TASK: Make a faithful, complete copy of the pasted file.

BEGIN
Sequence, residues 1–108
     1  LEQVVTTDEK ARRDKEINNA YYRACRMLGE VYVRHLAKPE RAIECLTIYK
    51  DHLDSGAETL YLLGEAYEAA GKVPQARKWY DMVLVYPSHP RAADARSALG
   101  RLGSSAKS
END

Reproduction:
Sequence, residues 1–108
     1  LEQVVTTDEK ARRDKEINNA YYRACRMLGE VYVRHLAKPE RAIECLTIYK
    51  DHLDSGAETL YLLGEAYEAA GKVPQARKWY DMVLVYPSHP RAADARSALG
   101  RLGSSAKS